Tue, 10/11/2011 - 01:57 — wick

In last weeks lecture, we studied the basic behavior of the maximal function. Recall that the maximal function was defined with respect to balls or cubes.

In this lecture we will study the strong maximal function. This operator is defined with respect to rectangles whose sides are parallel to the coordinate axes. This slight change in the definition changes the presents some challenges as to the boundedness of the operator; however it still ends up being bounded. Again, we will show that this operator is bounded on all the corresponding $L^p$ spaces. We will give two proofs of this, one is an easy reduction to iterated maximal functions. The other proof is a more clever covering lemma.

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## Mistake in Lecture 2

Dear All,

Tim Ferguson pointed out to me that the original version of the covering lemma that I had provided had a mistake in the proof. There is a problem in the selection procedure for the rectangles, and the argument given didn't work to conclude a certain necessary inequality.

The idea I had given was essentially correct. To prove a covering lemma, we need a selection procedure on the rectangles. We then need a way to measure how much we have "lost" in this procedure, and this is where induction comes in, coupled with the geometry of the rectangles in question. We select the rectangles, then recognize that it is possible to slice away a given side. We then compare this to the maximal function and see that what we took away wasn't too large, and then integrate out the missing side. These were the steps we used, but I sliced away the missing side incorrectly.

I have corrected the version in the lecture, and uploaded a corrected version. The corrected version contains a comment about where the mistake was made so that the interested reader can compare the differences in the file. Aside from typos, I think that this fixes things.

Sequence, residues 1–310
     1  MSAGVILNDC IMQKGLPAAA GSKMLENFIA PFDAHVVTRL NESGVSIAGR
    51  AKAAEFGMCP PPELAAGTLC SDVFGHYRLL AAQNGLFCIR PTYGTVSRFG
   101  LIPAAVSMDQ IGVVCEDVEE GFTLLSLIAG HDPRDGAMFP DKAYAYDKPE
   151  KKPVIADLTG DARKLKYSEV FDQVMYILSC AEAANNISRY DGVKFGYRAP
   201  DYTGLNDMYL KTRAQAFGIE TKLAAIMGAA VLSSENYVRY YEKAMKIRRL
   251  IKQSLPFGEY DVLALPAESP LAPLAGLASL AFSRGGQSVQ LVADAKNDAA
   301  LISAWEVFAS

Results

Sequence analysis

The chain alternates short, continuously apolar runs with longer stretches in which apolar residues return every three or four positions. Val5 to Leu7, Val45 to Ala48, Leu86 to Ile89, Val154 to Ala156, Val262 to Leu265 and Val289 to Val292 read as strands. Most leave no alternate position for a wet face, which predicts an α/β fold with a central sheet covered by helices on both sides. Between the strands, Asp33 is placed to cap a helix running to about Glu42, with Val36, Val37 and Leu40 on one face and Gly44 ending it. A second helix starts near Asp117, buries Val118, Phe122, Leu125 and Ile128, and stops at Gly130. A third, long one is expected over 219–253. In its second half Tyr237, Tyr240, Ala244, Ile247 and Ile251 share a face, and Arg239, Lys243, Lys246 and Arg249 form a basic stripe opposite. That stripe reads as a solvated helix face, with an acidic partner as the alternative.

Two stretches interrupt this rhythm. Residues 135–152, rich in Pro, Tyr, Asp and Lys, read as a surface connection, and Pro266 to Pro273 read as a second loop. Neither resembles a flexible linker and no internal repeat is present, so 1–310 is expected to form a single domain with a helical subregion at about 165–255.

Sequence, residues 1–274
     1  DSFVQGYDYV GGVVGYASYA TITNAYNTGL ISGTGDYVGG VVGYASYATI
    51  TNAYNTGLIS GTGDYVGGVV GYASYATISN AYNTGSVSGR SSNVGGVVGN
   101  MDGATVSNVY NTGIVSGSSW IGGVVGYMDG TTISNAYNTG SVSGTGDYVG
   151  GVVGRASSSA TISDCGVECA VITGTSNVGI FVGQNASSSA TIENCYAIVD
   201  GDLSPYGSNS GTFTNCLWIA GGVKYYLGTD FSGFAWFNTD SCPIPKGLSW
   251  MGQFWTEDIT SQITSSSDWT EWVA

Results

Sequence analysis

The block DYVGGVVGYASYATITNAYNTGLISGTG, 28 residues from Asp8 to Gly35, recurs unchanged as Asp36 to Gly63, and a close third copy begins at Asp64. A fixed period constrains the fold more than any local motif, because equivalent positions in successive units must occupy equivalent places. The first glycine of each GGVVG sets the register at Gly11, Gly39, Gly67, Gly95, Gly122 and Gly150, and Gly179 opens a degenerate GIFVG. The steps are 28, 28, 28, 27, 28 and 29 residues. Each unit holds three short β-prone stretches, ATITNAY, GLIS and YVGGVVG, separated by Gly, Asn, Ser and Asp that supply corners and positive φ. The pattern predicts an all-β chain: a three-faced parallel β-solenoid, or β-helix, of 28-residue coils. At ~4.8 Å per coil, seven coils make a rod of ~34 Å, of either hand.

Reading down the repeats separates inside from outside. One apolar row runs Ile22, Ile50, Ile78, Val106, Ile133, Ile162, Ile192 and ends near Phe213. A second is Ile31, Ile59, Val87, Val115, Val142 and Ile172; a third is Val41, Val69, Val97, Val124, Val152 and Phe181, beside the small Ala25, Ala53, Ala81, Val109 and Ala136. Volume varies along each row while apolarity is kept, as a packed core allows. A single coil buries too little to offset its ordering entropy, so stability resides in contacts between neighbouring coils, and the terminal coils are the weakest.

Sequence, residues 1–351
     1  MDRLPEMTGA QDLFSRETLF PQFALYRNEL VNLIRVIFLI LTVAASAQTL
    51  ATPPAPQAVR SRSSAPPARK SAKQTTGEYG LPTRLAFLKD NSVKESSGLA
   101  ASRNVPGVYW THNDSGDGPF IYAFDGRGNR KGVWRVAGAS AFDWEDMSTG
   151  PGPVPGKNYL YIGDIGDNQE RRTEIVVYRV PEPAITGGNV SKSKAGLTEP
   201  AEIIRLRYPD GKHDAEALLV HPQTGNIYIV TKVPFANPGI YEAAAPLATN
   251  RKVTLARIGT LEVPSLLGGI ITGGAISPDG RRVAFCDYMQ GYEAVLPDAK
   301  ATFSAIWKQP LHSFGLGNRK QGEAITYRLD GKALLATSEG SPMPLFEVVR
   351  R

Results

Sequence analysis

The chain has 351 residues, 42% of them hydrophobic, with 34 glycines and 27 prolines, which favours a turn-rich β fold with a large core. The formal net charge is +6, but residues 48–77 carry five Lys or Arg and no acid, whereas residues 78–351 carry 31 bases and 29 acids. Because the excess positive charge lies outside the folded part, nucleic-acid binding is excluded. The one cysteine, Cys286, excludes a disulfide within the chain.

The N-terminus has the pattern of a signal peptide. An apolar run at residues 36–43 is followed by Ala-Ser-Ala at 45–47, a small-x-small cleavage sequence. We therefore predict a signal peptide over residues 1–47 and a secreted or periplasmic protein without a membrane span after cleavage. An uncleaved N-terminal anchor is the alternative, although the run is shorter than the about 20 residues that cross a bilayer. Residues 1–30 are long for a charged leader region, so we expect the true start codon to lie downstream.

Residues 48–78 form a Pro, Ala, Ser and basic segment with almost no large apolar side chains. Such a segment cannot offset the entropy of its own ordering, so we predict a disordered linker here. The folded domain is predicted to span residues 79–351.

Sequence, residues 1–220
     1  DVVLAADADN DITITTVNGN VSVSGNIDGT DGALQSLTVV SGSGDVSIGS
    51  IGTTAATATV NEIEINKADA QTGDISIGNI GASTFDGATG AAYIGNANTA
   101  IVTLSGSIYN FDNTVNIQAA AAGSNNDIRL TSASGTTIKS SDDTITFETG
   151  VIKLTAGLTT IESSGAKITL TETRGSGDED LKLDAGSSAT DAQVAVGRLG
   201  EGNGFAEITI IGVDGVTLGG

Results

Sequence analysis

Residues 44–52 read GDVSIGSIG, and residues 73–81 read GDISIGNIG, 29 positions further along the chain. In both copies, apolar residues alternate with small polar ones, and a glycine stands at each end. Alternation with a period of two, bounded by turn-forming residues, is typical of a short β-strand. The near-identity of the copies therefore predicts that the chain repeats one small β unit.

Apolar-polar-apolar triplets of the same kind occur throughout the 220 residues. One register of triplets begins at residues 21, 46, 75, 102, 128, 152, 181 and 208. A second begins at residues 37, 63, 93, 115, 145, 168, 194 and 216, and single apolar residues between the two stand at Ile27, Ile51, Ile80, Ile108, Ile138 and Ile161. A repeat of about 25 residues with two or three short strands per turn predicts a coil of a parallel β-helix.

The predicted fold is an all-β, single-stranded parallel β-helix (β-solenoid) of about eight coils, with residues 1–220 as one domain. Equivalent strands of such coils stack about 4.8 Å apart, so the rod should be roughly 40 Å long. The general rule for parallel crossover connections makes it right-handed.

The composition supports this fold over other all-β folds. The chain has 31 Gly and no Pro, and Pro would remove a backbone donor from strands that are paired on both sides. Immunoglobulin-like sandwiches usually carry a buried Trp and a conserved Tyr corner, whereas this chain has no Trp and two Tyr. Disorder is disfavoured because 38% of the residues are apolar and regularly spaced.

Many thanks to Tim for reading through the notes carefully. As I had hoped, this is becoming a learning process for all involved.

Regards,

Brett

## Dear Phi, Thanks for the

Dear Phi,

Thanks for the question. Here are the answers that I am aware of. Maybe some of the other participants have more information.

1. I am not aware of people studying the difference between the centered and uncentered strong maximal function. This seems like an interesting question to explore though.

2. We are allowed to consider arbitrary rectangles; long and thin are perfectly acceptable.

The Lebesgue Differentiation Theorem is usually connected to the weak-type estimates that the corresponding maximal operator satisfies. For example, the maximal function satisfies weak (1,1) estimates, and because of this we can differentiate functions in L^1. The strong maximal function is different in that it can differentiate Llog L. This is because, using a slight variant of the covering lemma that appears in this lecture, one can prove that the two parameter strong maximal function satisfies a weak Llog L type inequality.

Regards,

Brett

## Center and un-center definition of Maximal function?

Dear Brett D. Wick,

In your first lecture, the maximal function in your definition is the center one that means your $x$ is the center of the cubes $Q$. However, in your second lecture, the maximal function is defined over the sub of all Rectangles with sides parallel to the coordinate exes.

My question are:

1) Is there any difference between the centered one and un-centered one? I believe that there are some differences.

2) Do we need some more properties of these rectangles since it seems that you cannot take the very long and very thin rectangles such that the measures go to zero? (for example the result of Lebesgue Differentiation Theorem)